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One Good Reason To Retire To Honduras

Retirement And Real Estate On Mainland Honduras

“Here’s a reason to retire to Honduras,” writes Correspondent Michael Paladin: “No one over age 65 can be sent to prison…not for anything.

“Here’s another: Obtaining retirement residency is a straightforward matter. Show proof of US$600 a month in income to qualify for the pensionista visa or US$1,000 a month in income to qualify for the rentista visa.

“And here are some more: As a foreign retiree resident, you can own real estate free and clear; purchase up to a maximum of three-quarters of an acre, or 3,000 meters, of land; import a car and appliances duty-free; and live very well for less than a US$1,000 a month.

“Property prices are dropping, terms are available. The second-home market fueled by the go-go years of easy money has hit the wall of reality.

“Where in Honduras might you think about settling? I scouted the country recently, from the mainland to the Bay Islands, in search of an answer to that question.

“One of the five Central American provinces that broke away from Spain in 1821 to become independent, Honduras is a study in contrasts. The second-largest of the original five renegade states, today it is the second-poorest. It is the most mountainous and the only one of the five that does not have active volcanoes.

“Honduras is primarily rural. Its two biggest cities are Tegucigalpa and San Pedro Sula. Visualize a semi-triangular pie-shaped country wedged between Nicaragua to the east, El Salvador to the southwest, and Guatemala to the west, with a small port on the Pacific coast and some 800 kilometers of coast on the Caribbean side.

“The easiest way to navigate Honduras is by first-class bus or 30-minute plane rides, with the prices set by the government and cheap. If the weather is bumpy, the bus can be a better option but slower.

“Locals advise: If you want to party, go to La Ceiba. La Ceiba is known as Honduras’ girlfriend.

‘Tegucigalpa piensa, San Pedro trabaja, y La Ceiba divierte,’ they say.

“That is: Tegucigalpa thinks, San Pedro works, and La Ceiba has fun.

“I’ll get to La Ceiba in a minute. First, Tegucigalpa.

“The kindest thing I can say about Tegucigalpa is that it looks better at night, when the lights of the city shine among the many small hills that ring the central area. By daylight, the common color is gray…as in unpainted cement.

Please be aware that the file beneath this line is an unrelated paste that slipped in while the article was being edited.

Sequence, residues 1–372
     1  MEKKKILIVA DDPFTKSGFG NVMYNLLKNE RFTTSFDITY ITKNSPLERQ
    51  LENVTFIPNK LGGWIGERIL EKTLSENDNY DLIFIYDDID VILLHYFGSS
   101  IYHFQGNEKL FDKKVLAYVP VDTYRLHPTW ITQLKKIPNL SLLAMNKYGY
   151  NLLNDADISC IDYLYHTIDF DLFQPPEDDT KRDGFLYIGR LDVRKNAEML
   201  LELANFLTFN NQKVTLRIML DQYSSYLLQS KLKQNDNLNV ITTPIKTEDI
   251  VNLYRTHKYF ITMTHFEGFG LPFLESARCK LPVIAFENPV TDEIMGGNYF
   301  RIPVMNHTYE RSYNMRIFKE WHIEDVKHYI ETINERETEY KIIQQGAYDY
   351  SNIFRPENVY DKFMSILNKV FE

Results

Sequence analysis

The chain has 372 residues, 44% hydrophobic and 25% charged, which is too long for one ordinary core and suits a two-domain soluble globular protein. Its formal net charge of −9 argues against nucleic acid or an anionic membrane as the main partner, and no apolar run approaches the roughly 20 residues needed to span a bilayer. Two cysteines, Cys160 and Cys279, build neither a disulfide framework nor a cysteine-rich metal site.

“On the highest mountain overlooking the city is a lighted statue of Christ…just above a Coca Cola sign. A reminder of the forces that have driven this country.

“Tegucigalpa is the seat of the government. At 1,000 meters, the weather is cool and gray, just like the architecture. Population is just over a million. Originally a mining town (gold and silver), Tegucigalpa grew out of its confines and sprawled throughout the valley over time. Today it is a maze of barrios, slow-moving traffic, and row after row of tin-roofed shanties.

“Maybe the reason San Pedro Sula works is because it’s the best place to fly into. Avoid Toncontin Airport at Tegucigalpa unless you’re coming in on a prop-jet. The runway’s too short, and TACA (locally, Take Another Chance Airline) planes landing here have been known to run out of runway.

“San Pedro Sula’s population is a million-and-a-half. The city is hot and humid, but at least the bus terminals are new and clean. The shopping malls are nice, too. San Pedro is the center for the maquilador/free-trade-zone/import-export companies that provide a major source of employment for the area.

“Most of the expats and retirees living on mainland Honduras have flocked to the north of the country, beginning at Copan, variously described as the Athens and the Paris of the Mayan world.

Copan Ruinas, 20 minutes from the Guatemalan border or three hours by a good bus from San Pedro (Hedman-Alas, US$18 first class), is a small hillside town of colonial-style houses and inns, red-tile roofs, and cobblestone streets. Situated in the western highlands at 3,500 feet, the weather is temperate (75 to 80 degrees).

“The population is about 5,000 people, including about 60 retired expatriates of an amazing variety (including Twisted Tanya and Monkey Bill). Primarily a tourist destination for the magnificent Mayan ruins located on the outskirts of the town, some 200,000 tourists pass through every year.

“I saw short- and long-term rental options starting at US$350 per month (for a furnished one-bedroom apartment). In town, everything is close, and walking is safe. There are banks, markets, and an English-speaking doctor. It’s quaint. You’ll like it. The area is famed for its coffee, and you cold live well for US$700 a month.

La Ceiba, population 115,000, isn’t pretty. In the daylight, you see that her mascara has run. By night, a different side appears, and the discos and bars fill with Caribbean reggae and working girls.

“Stop by the Expatriate’s Bar, on 12 Calle, two blocks east of Avenida San Isidro, for excellent grilled food, the latest gossip, and the best expat bulletin board. Recently acquired by a couple of French-Canadians, the place serves as a watering hole/post office for most of the retirees and expats in town.

“Rentals in La Ceiba range from US$350 a month for the smaller, older, two-bedroom downtown houses upward for the larger, newer homes on the city’s perimeter.

“Real estate is for sale all over town, of course. Why you’d buy a house here, I don’t know.”

Kathleen Peddicord

P.S. Tomorrow, Roatan

French Course Online

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